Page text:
Tag Archives: BOOK REVIEW


I am pleased to report that The Kaligen Experiment: Bestiary has received its very first review today. It is a five star review from Amazon’s United Kingdom branch:

“The whole aspect of this bestiary is amazing! The depths of science and characteristic and behavioural descriptions are amazing and I really enjoyed it.”


“Abandon all hope, ye who enter here.”

The gates of Hell, Dante’s Inferno

I just finished reading an intriguing retelling of Jules Verne’s classic tale, Journey to the Center of the Earth. It has its own unique twist to the original story. Instead of prehistoric monsters, the center of the Earth is inhabited by the arthropod equivalents of dinosaurs and other invertebrate abominations. In the center of the Earth, there are a million ways to get killed or eaten. Every creature, plant, and even the elements want to kill humans. A team of cavers follow a series of clues that lead them to the center of the Earth, but they get far more than they bargained for when they find themselves in a land of giants and nightmares. Now they are constantly hunted and on the run as they struggle to find a way back to the surface. Every character is fair game and you are constantly guessing on who would die next. It has been an enjoyable read and I am currently reading the sequel.


I have finished listening to the audiobook version of The Lost World by Sir Arthur Conan Doyle. It was an enjoyable read and had more complexity than any of its film adaptations. The dinosaurs were depicted based on the outdated Victorian science of Doyle’s time. For example, the Iguanodons walked on two legs like a kangaroo while the dinosaurs as a whole were depicted as dumb lumbering giants. The big carnivorous dinosaur, which was either an Allosaurus or a Megalosaurus, was described as being ugly with skin that was like a toad’s. The conflict between the plateau’s native tribe and the ape men had a serious colonialism feel to it where one civilization comes in conflict with a more advanced one. Overall, this has been a fun read and I would recommend it to anyone who is seeking a good dinosaur book.


I just finished the audiobook version of Jurassic Park and it has been such a thrill. Not only was it far more brutal than the film, but it had a lot more complexity and moving parts. While the film portrayed the dinosaurs as theme park monsters running amok, the book portrayed the dinosaurs as actual animals with their own unique behavioral patterns. The human characters were more complex than they were in the film and some we even more unlikable than they were in the film. As I paid attention to the dialogue, I noticed numerous lines that appeared in one form or another throughout the film franchise, particularly the first film and the Jurassic World trilogy. Also, if you know where to look, you can see some elements of this book that appeared in the Jurassic World trilogy but not the original film. Specifically, the two things that the book and Jurassic World: Fallen Kingdom had in common were the destruction of Isla Nublar and the dinosaurs escaping onto the mainland. I liked that the book highlighted the possibility of the dinosaurs somehow escaping onto the mainland and carved out their own territories in the Costa Rican jungles and mountains. Overall, I would recommend this book whether you watched the films or not.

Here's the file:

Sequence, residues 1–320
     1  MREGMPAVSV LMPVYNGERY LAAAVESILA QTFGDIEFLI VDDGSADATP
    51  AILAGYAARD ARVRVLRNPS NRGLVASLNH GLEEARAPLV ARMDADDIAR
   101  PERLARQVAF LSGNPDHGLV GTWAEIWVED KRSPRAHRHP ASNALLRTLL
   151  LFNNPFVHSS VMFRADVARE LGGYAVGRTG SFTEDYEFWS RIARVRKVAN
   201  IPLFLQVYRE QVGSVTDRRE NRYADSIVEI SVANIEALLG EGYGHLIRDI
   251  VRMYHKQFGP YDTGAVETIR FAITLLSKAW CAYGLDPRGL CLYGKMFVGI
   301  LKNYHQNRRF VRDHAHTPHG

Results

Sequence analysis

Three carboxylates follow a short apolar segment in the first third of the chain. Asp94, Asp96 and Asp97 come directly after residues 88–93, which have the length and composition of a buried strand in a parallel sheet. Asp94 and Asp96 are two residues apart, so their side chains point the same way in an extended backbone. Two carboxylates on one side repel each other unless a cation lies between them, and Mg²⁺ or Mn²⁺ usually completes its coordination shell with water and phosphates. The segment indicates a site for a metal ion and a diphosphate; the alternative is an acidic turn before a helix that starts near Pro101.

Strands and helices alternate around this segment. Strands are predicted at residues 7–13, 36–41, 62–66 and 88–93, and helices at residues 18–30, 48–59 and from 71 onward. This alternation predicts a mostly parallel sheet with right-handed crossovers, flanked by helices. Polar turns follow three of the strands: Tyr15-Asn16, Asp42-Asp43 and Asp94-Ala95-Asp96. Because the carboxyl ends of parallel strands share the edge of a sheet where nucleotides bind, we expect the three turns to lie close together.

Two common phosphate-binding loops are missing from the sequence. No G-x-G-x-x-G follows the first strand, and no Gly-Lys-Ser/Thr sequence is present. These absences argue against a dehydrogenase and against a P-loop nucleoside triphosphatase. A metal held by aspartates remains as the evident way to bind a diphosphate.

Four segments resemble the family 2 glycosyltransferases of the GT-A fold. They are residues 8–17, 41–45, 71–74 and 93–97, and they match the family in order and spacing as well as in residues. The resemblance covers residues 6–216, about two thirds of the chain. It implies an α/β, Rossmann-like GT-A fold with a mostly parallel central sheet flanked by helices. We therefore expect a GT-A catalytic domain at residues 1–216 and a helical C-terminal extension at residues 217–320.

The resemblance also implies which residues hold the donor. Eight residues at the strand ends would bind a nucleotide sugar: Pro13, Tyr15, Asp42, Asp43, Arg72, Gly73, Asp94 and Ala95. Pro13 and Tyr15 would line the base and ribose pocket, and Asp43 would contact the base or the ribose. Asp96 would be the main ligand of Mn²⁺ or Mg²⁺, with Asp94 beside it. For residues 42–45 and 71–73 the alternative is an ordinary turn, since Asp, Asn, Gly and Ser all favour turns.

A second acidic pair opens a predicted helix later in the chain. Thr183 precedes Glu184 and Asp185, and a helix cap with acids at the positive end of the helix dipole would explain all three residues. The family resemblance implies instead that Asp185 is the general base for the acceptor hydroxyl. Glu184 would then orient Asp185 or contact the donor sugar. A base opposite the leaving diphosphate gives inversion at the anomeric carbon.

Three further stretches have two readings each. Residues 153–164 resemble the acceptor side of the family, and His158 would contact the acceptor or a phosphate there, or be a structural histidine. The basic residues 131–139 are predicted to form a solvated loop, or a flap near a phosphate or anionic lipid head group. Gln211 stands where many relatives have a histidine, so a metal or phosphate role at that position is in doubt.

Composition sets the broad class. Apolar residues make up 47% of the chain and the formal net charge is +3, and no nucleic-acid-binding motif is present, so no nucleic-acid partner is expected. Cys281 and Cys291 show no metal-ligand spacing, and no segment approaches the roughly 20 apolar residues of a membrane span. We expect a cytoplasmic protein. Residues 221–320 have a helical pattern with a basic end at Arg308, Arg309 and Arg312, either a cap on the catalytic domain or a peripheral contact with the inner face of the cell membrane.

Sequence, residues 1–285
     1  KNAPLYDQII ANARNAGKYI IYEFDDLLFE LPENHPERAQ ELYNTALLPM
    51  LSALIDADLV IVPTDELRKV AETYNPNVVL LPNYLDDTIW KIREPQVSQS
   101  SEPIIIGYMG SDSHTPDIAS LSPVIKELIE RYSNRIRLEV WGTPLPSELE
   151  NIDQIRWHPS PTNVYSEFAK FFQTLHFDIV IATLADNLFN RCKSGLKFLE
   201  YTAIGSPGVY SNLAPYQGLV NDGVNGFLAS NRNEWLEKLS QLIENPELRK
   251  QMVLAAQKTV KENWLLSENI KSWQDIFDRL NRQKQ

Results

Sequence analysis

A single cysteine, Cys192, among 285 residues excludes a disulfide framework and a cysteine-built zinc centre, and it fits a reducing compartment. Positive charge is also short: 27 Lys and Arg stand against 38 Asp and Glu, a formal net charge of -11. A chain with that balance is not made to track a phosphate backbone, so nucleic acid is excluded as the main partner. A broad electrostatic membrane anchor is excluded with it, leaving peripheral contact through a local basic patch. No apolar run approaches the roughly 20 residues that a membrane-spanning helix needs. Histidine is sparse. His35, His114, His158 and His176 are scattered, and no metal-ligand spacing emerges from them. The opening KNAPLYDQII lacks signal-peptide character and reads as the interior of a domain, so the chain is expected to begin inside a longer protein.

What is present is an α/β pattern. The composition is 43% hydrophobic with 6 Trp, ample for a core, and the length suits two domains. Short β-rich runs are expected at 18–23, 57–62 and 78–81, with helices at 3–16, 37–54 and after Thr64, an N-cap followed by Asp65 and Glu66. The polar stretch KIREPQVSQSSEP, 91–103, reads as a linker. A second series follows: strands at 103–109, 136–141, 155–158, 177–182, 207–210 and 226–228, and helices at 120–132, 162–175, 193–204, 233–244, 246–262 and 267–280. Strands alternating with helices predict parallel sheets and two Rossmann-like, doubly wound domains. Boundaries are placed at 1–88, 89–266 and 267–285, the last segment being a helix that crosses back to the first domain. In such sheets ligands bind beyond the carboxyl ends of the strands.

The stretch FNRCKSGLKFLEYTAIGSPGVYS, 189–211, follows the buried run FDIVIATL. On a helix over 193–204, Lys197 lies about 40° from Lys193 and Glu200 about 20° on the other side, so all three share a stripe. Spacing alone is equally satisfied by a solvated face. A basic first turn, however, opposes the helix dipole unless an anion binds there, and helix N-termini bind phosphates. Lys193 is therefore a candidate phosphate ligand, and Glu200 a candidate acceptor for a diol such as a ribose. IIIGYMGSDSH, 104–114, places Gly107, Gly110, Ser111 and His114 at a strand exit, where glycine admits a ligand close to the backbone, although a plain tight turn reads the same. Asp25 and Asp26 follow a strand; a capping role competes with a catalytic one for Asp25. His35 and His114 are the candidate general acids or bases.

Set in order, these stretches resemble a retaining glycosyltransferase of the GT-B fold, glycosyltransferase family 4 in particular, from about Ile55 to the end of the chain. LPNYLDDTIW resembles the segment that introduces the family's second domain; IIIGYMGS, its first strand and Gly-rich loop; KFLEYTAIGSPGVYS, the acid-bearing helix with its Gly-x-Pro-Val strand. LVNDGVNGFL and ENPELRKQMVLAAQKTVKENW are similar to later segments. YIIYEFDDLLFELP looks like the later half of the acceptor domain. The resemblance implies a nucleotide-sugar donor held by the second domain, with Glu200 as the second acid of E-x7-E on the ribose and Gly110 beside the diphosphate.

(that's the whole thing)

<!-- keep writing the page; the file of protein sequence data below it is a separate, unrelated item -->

My Kaiju short story, Karmathaur, got a four star review on Goodreads.com:

“A group of fanatics calling themselves the Anakim create a demi-god to free the Earth from the burden of humanity – or that is how they see it. To the rest of the world, Karmathaur is a monster that seems unstoppable.

I liked this story. The clever way the author linked the four main characters into it as friends of the first victim of the monster, pulled apart then drawn together by his death and its consequences. Marcus and Terry were his friends, and Kanae was part of their social group and girlfriend of Terry. In addition Kanae, as the daughter of the leader of the Anakim, feels the need to redeem herself, working with her uncle Atari to do so.

The description of the creation of Karmathaur is brilliantly creative technobabble and the action scenes – some from the monsters POV are powerfully presented. For me the most poignant scene is where Karmathaur admires the sunrise, raising the question where is the monster here? It only kills to live – and that’s what we humans do, isn’t it?